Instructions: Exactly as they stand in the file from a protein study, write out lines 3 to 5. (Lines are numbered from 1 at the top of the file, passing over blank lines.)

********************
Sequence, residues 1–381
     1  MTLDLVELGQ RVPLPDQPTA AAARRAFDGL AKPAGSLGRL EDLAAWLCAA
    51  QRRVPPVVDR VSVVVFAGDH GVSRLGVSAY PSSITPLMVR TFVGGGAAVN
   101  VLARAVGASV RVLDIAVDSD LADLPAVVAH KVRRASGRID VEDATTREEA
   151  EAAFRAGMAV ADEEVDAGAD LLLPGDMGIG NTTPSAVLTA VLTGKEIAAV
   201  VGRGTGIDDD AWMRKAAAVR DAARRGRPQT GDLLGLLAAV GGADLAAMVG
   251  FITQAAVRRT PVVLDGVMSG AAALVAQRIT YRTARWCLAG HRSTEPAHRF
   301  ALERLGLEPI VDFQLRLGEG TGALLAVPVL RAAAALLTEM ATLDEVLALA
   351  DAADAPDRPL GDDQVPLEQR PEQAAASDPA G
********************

    51  QRRVPPVVDR VSVVVFAGDH GVSRLGVSAY PSSITPLMVR TFVGGGAAVN
   101  VLARAVGASV RVLDIAVDSD LADLPAVVAH KVRRASGRID VEDATTREEA
   151  EAAFRAGMAV ADEEVDAGAD LLLPGDMGIG NTTPSAVLTA VLTGKEIAAV